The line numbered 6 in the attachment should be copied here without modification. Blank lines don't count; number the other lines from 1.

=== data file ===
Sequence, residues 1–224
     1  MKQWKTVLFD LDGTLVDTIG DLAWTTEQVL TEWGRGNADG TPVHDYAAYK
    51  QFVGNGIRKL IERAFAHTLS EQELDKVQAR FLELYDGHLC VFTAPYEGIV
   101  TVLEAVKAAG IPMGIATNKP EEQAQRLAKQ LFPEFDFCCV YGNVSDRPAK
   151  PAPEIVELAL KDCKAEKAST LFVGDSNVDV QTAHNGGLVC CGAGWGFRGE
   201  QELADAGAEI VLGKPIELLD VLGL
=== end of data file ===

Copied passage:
   201  QELADAGAEI VLGKPIELLD VLGL